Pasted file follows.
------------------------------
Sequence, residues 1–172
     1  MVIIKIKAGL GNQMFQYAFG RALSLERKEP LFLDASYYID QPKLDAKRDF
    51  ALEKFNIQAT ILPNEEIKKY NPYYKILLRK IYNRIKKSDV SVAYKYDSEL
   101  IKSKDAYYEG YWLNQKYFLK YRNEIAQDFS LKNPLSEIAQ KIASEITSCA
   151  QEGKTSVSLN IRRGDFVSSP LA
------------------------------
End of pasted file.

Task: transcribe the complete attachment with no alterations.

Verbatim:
Sequence, residues 1–172
     1  MVIIKIKAGL GNQMFQYAFG RALSLERKEP LFLDASYYID QPKLDAKRDF
    51  ALEKFNIQAT ILPNEEIKKY NPYYKILLRK IYNRIKKSDV SVAYKYDSEL
   101  IKSKDAYYEG YWLNQKYFLK YRNEIAQDFS LKNPLSEIAQ KIASEITSCA
   151  QEGKTSVSLN IRRGDFVSSP LA